JC: Oh, that’s good. I always remember going into the local delicatessen with this notebook and just standing there writing down the names of all the cheeses in the cheese display cabinet. [Laughs.] One of the shop assistants watching me with a very suspicious look.
AVC: That must have seemed rather odd.
JC: We used almost all of them! I made a couple up, like Venezuelan Beaver Cheese, but I think most of them were genuine.
AVC: How was the Python reunion?
JC: Very, very good. I think there was always a certain amount of sibling rivalry between us, and we used to irritate each other in one way or another. Jonesy and I were always locking horns about material when we were doing the television series, but it’s 30-odd, 40 years ago, so there’s a very mellow atmosphere now. I think the sibling rivalry has diminished very largely. I found myself thinking something I never thought I would think again, which is what fun it would be to work with them again. It’s not going to happen. Gilliam is interested in making movies and not really anything else, and Eric Idle does a great job recycling material for us, which is much appreciated, but I know he doesn’t want to create with us again. So it won’t happen, but I must say for the first time in a long time, I was thinking it would have been fun.
AVC: As time went on, and you all developed your own projects and were used to being captains of your own ships, it seems like it became more difficult to come back and submit to the will of the group.
JC: I think that’s exactly right. I had enjoyed Life Of Brian so much, and I was disappointed with The Meaning Of Life as an experience—not that there aren’t some terrific sketches in it, but we never were able to agree what it was about. We just had a framework into which we were able to fit some very good sketches. I was outvoted on some of the material, and that was 1982, so by that stage, I was over 40 years of age, and I sort of thought, “Well, I’ve reached a point where I want to be captain of my own ship,” as you put it.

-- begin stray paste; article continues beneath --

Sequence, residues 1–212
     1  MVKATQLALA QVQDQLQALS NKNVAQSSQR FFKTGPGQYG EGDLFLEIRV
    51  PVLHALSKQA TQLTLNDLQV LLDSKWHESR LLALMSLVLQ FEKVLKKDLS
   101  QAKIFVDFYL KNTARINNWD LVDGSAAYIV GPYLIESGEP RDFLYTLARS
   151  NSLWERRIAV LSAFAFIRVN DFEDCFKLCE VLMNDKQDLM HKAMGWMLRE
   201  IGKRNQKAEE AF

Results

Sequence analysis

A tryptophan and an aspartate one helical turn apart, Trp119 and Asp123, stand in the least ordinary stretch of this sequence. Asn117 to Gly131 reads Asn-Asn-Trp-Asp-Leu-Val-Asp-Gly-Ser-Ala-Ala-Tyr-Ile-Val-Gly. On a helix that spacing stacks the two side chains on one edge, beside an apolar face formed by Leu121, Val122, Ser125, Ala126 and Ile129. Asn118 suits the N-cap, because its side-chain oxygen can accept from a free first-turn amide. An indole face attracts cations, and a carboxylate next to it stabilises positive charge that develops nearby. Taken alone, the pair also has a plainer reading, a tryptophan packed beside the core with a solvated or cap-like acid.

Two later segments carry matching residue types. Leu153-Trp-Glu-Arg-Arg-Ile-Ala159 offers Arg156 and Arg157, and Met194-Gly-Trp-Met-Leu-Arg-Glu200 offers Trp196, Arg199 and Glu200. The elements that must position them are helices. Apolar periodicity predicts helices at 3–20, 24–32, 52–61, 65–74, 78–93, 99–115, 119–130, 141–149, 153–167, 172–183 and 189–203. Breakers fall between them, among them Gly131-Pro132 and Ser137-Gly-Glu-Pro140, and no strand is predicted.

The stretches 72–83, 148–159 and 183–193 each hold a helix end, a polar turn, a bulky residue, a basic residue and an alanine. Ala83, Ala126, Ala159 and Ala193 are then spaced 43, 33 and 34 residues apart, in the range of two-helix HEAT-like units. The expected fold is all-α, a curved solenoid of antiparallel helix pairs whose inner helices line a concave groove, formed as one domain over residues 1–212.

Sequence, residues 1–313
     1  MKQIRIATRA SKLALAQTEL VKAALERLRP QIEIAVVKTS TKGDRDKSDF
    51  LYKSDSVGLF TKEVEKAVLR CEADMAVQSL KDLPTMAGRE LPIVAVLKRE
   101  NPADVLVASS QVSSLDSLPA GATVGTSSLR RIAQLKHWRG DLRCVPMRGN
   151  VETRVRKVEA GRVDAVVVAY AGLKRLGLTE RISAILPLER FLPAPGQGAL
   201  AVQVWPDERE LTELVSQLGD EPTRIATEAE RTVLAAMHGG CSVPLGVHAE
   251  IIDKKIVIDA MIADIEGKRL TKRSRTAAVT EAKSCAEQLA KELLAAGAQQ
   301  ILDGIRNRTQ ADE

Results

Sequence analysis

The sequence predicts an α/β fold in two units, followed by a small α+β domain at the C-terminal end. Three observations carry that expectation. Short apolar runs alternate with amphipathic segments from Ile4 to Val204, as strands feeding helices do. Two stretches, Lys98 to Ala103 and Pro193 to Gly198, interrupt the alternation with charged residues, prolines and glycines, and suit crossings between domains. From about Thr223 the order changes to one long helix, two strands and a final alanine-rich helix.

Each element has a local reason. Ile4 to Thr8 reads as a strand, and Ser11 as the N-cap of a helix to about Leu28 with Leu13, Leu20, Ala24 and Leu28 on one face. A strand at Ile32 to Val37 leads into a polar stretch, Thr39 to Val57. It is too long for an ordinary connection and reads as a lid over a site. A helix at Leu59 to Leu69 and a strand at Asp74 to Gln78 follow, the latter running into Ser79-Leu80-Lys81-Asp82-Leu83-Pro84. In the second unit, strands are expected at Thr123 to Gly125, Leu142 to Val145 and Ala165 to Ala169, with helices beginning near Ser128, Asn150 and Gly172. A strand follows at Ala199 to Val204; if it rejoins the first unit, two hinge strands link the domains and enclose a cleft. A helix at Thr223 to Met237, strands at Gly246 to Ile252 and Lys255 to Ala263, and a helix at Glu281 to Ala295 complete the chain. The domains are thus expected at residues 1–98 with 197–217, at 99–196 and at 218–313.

AVC: Both Holy Grail and Life Of Brian have an unusual attention to historical detail, which doesn’t seem necessary for the comedy, and Brian even has a pretty coherent storyline.
JC: Yes, it is remarkably coherent for us, because that’s not our strength.
AVC: There are sketchy bits within it, like the haggling and the Sermon On The Mount, but they’re very well integrated into the context.
JC: I agree with you. It’s interesting, you see, the Brits like Life Of Brian much the best, and the Americans prefer Holy Grail. I’ve never quite understood it. What I would say is that the first 45 minutes of Holy Grail are really, really good. I think it’s a lot less good after that—well, not a lot, but it’s not as good after that. Whereas I think Life Of Brian has the advantage of being about very important things, very good moments there where we kind of sum up in a few sentences the way that religion is normally practiced.
AVC: There are many situations where it’s tempting to shout, “Yes, we’re all individuals!”
JC: [Laughs.] And the following line, which is “I’m not!” And they all go, “Shhh.” A very complicated joke. It makes no sense, in fact, but it sounds as though it does.
AVC: You mentioned the occasional friction between you and Terry Jones. In the British documentary Fawlty Towers: Re-Opened, he says he thought of you as a “traitor” for leaving Python to do a conventional sitcom. He’s being a little tongue-in-cheek, but still…